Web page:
Highest Passive Safety

The All-New Kona Electric benefits from superior rigidity through the application of high strength steel, high impact energy absorption and minimised distortion, in order to protect passengers in the event of a collision.

Thanks to an enlarged area for the appliance of hot stamping and a ring-shaped cabin shell structure with ultra-high-strength steel, the safety zone has been enlarged for top crashworthiness. The multiload-pass structure of the cabin disperses energy in various directions in the event of a collision and reduces the impact.

Around the interior of the Kona Electric a total of six airbags are installed (two front airbags, two side airbags and two curtain airbags from first to second row, protecting both driver and passengers).

Category: Hyundai

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53 responses to "Hyundai Kona Electric – Everything We Know – Plus Videos Galore"
  1. WARREN says:

    Wow.Hyundai is serious.Getting interesting

    1. GeorgeS says:

      yes definitely interesting. Unfortunately it’s a small car–same wheelbase as the bolt and just a tad wider…..faster charging though….but definitely a good choice for someone not wanting to pay Tesla prices

      1. Assaf says:

        Unfortunate only for American consumers and their bloated taste for car size.

        Yes, it’s similar-sized to Bolt, even a wee bit narrower and lower.

        But – – – unlike GM which commissioned a brilliant Korean design, then attempts to deploy it mostly in the US – – – the vast majority of Hyundai sales are in other countries:

        – ~3x more in China than in US
        – ~3-6x more in Europe/Med region than in US
        – ~2x more in India (although it’ll probably a while before Hyundai BEVs get made there, or maybe they’ll start with something more modest)
        – And of course the domestic Korean market, which has the purchasing power, is discovering an appetite for EVs and will likely overtake the US this year in terms of EV market share. Hyundai sells >2x as many vehicles back home than in the US.


      2. RAV4 EV says:

        I was thinking it is a compact car when I saw the picture. Not sure if we could fit a stroller in there. Forget about taking it to the kids weekend sports event. Could not fit their gear in there.

        I bet Ford does the same thing with their upcoming 300mi SUV. They won’t give us the Escape but will offer a C-Max size with no cargo.

        Looks like I will keep driving my RAV4 EV for the next 3-5 years.

  2. stimpy says:

    1. Why are they so slow? Especially the “short range” one. That acceleration is Prius-like!

    2. Why are they FWD? Unlike gas cars, EVs cost the same whether FWD or RWD and the latter is far more pleasant to drive. I don’t buy the weather excuse. Gas cars changed to FWD because of *cost* and many parts of the world do not see snow or ice anyway.

    1. zzzzzzzzzz says:

      FWD is better than RWD in snow for real life driving. AWD would add extra cost that may be not worth for many.

      It isn’t neither track race car nor riceboy show car, but transportation appliance [TM] for real people to get to work, school, vacation destination, etc. 0-62 or towing capability is almost irrelevant.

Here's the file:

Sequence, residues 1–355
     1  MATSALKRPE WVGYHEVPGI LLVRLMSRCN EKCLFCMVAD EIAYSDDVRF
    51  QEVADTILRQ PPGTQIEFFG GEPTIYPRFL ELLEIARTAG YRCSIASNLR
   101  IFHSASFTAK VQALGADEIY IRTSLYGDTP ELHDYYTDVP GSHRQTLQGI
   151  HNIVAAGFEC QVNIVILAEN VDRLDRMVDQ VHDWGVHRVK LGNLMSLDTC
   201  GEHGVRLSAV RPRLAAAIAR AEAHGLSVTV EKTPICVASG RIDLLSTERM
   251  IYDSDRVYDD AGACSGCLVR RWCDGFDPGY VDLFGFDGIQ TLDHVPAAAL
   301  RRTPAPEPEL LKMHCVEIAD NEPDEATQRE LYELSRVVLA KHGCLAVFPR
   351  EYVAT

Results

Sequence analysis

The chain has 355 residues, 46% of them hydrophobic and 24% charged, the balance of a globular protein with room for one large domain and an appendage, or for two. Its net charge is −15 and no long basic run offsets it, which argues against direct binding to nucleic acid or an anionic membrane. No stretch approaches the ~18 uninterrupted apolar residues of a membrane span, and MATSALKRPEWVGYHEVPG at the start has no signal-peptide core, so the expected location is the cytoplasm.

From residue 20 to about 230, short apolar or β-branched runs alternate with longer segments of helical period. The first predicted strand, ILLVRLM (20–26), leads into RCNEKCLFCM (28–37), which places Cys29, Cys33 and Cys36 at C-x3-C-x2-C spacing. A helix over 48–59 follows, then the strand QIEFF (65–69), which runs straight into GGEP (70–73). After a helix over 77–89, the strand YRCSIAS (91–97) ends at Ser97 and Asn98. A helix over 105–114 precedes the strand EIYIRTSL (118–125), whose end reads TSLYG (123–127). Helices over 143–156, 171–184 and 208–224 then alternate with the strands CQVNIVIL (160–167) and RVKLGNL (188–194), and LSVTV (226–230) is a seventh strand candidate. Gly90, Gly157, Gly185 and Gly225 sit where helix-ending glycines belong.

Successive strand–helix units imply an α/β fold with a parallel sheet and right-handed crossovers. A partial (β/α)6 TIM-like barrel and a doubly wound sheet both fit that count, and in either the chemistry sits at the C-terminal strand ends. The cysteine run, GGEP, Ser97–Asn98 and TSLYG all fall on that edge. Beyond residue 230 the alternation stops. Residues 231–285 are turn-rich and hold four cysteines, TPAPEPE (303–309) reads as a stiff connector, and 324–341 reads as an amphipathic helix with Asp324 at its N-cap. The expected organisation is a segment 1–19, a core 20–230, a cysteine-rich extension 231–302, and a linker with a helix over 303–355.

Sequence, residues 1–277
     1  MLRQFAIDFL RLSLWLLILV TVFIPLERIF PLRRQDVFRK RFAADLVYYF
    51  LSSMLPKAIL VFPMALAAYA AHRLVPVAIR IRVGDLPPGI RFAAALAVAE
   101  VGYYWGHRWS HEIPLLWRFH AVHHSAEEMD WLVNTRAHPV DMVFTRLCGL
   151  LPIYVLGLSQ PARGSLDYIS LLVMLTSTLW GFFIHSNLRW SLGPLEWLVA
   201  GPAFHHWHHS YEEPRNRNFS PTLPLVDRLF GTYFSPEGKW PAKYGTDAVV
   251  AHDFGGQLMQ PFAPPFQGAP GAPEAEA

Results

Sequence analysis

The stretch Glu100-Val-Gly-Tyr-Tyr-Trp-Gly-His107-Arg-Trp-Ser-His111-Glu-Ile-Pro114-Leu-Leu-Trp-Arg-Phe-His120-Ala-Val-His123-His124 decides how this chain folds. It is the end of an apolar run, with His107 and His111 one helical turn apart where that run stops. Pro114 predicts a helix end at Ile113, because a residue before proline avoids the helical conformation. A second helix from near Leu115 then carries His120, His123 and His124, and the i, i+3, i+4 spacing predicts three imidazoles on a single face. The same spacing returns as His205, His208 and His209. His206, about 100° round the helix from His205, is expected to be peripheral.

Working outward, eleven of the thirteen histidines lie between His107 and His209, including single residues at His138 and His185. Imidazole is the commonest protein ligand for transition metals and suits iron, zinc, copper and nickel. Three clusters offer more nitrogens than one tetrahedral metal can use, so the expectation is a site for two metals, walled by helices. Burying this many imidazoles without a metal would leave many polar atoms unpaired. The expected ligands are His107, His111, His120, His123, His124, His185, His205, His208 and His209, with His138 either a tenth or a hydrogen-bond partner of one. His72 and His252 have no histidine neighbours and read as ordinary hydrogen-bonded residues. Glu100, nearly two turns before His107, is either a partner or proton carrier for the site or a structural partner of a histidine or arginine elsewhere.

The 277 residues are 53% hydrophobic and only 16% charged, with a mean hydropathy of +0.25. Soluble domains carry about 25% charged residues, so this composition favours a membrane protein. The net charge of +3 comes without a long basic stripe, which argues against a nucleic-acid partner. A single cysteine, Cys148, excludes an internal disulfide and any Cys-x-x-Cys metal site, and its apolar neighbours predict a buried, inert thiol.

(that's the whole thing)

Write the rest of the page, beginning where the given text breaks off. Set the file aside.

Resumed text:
1. Miggy says:

        In the Hyundai Kona Petrol range you do have a option of FWD or AWD so hopefully this option may flow to the Hyundai Kona Electric.
        This car will affect GM Bolt sales.

      2. Assaf says:

        0-100kph in 7.5-9 secs is sooooooooooooo not “prius-like”
        Prius is just barely, with its fastest trims, approaching 10 secs from above.

        Besides, I presume that >95% of car buyers (and >99% of car buyers not suffering from the “Y Chromosome Syndrome”) couldn’t care squat about 0-60 times as long as the car is strong enough and safe enough to get them where they want.

        1. Stimpy says:

          The standard Kona 0-60 is 9.3s.

          2016 Prius: 9.6s
          2017 Prius Prime: 10.1s

          That is dangerously SLOW.

          1. Assaf says:

            “That is dangerously SLOW.”


            Also, 0-100kph would yield ~5% longer time than 0-60mph for EVs (which accelerate rapidly at first, but then less so). So add 5% to the Prius 0-60 times to match 0-100.

          2. Why would those numbers be ‘Dangerous?’ Who joins high volume Freeway traffic, from a stand still?

            30-70 Mph Specs would be more useful than 0-60 for most real world, non track, applications!

            How many ramps and merge lanes are so short where you are, that Priuses can’t merge?

            1. Just_chris says:

              I agree with you completely. A heavy loaded commercial vehicle will have 0 -60 speed in the 15-20 sec range, they still use the roads. If you look up the cars in the USA that have the most deaths per passenger mile it is pickup trucks (which have poor stopping distances) and sports cars (in particular Nissan Z cars). Small cars and “slow” cars never even enter the top 10.

              As for why this car is FWD not RWD, that is everything to do with the re-gen braking and nothing to do with anything else. It is far easier to engineer a car that brakes from the front that from the back. The i3 and the Tesla can do it but I suspect they have put a lot of effort into controlling the car when re-gen kicks in, especially on tight bends.

              The biggest and most important feature on this car is going to be the price – $60k+ and it’ll sell like the ELR, sub-$30k (entry model 40 kWh) and it’ll sell incredibly well. My feeling is it will come in at around $35k for 40 kWh and $40k+ for the 60 kWh. It” compete but probably not dominate.

          3. ziv says: